Add Your Heading Text Here
Add Your Heading Text Here
Add Your Heading Text Here
Add Your Heading Text Here
Add Your Heading Text Here
Add Your Heading Text Here
Add Your Heading Text Here

Sanat Thukral

Project Title

Explainable auto-regressive autoencoder models of real-time mental workload assessment for E-learning with EEG data using passive brain-computer interfaces.

Project Description

AI and ML advancements have led to models for learning complex patterns in EEG data and brain activation [3,7]. These models contribute to understanding human behavior and brain responses, motivating the design of passive brain-computer interfaces (pBCIs) for creating novel adaptive and personalized technologies. pBCIs enhance human-computer interactions by facilitating communication channels between the brain and external devices [5]. A critical use case is estimating mental workload (MWL) to develop user-centered applications, with EEG data often used [1],[2]. Unsupervised autoencoders can learn complex patterns in EEG data, but they are black-boxes, making interpretation and explanation difficult. This research aims to create explainable models for MWL estimation using EEG data in E-learning [3]. The model will offer insights into cognitive processes and mental workload variations experienced by students on an E-learning platform [3]. Variations in taskload will be induced by manipulating the perceptual modality from Multiple Resource Theory [8] in the E-learning interface, expecting different mental workload levels. In summary, this study contributes to the body of knowledge by developing a real-time MWL model induced from EEG data for E-learning contexts. This model will underpin the construction of pBCIs that facilitate the design of human-centered technologies aligned with brain information processing.

Works Cited: 1. Longo, L. (2022). Modeling cognitive load as a self-supervised brain rate with electroencephalography and deep learning. *Brain Sciences*, *12*(10), 1416.

2. Raufi, B., & Longo, L. (2022). An Evaluation of the EEG alpha-to-theta and theta-to-alpha band Ratios as Indexes of Mental Workload. *Frontiers in Neuroinformatics*, *16*, 44.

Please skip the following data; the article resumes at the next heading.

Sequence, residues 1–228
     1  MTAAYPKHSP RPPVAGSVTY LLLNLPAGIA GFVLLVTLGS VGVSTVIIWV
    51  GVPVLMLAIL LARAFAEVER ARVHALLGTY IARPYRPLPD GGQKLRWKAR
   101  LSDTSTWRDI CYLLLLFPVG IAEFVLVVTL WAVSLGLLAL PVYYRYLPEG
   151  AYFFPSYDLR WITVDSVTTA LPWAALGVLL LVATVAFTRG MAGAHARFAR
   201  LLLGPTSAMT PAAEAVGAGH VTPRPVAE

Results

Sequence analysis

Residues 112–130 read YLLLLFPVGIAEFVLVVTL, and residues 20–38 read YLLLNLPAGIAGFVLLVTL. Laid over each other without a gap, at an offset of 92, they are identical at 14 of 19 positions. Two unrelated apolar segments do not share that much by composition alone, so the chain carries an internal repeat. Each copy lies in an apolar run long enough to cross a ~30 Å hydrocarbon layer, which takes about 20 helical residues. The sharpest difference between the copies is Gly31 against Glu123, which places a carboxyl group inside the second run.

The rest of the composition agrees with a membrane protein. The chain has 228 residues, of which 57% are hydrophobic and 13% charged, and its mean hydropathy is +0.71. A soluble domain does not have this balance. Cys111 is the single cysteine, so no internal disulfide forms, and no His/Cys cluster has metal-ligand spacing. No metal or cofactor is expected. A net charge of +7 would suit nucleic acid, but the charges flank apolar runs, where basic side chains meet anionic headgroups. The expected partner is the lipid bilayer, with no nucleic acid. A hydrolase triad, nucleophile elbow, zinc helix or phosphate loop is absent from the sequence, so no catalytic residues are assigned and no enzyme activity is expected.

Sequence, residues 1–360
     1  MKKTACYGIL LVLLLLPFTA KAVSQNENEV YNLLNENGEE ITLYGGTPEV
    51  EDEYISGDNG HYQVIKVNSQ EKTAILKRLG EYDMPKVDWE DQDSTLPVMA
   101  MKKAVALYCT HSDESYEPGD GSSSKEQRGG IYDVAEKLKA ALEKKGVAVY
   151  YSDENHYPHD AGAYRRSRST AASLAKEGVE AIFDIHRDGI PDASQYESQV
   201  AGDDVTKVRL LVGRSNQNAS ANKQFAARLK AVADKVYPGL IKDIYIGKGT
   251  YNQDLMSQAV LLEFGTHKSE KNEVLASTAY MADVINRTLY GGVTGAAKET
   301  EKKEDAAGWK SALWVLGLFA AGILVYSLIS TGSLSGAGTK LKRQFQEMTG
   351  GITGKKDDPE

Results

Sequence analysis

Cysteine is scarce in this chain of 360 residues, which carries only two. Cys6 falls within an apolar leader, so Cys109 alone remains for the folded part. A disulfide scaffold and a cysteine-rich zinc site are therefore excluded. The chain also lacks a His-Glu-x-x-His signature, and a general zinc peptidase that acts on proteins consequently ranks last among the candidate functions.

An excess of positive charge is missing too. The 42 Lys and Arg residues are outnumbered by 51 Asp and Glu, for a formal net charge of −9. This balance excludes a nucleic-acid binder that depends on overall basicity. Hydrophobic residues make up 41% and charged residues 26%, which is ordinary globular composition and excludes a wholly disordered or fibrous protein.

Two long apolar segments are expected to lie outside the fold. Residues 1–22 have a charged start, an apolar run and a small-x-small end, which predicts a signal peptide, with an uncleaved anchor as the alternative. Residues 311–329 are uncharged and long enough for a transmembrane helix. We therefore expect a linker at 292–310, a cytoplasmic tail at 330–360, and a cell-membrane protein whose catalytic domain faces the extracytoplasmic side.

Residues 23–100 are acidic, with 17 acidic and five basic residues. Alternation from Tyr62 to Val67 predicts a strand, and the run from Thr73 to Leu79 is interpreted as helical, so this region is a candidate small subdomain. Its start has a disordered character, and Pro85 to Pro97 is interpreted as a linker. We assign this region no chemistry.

3. Das, A., & Rad, P. (2020). Opportunities and challenges in explainable artificial intelligence (xai): A survey. *arXiv preprint arXiv:2006.11371*. https://arxiv.org/pdf/2006.11371.pdf

4. Barredo Arrieta, A., Díaz-Rodríguez, N., Del Ser, J., Bennetot, A., Tabik, S., Barbado, A., Garcia, S., Gil-Lopez, S., Molina, D., Benjamins, R., Chatila, R., & Herrera, F. (2020). Explainable Artificial Intelligence (XAI): Concepts, taxonomies, opportunities and challenges toward responsible AI. Information Fusion, 58, 82–115. https://doi.org/10.1016/j.inffus.2019.12.012

5. Hancock, G. m., Longo, L., Young, M. s., & Hancock, P. a. (2021). Mental Workload. In HANDBOOK OF HUMAN FACTORS AND ERGONOMICS (pp. 203–226). John Wiley & Sons, Ltd. https://doi.org/10.1002/9781119636113.ch7

6. Longo, L. (2014). Formalising Human Mental Workload as a Defeasible Computational Concept [Thesis, Trinity College Dublin]. http://www.tara.tcd.ie/handle/2262/72197

7. Moustafa, K., Luz, S., & Longo, L. (2017). Assessment of Mental Workload: A Comparison of Machine Learning Methods and Subjective Assessment Techniques. In L. Longo & M. C. Leva (Eds.), Human Mental Workload: Models and Applications (pp. 30–50). Springer International Publishing. https://doi.org/10.1007/978-3-319-61061-0_3

8. Wickens, C. D. (2008). Multiple Resources and Mental Workload. *Human Factors*, *50*(3), 449–455. https://doi.org/10.1518/001872008X288394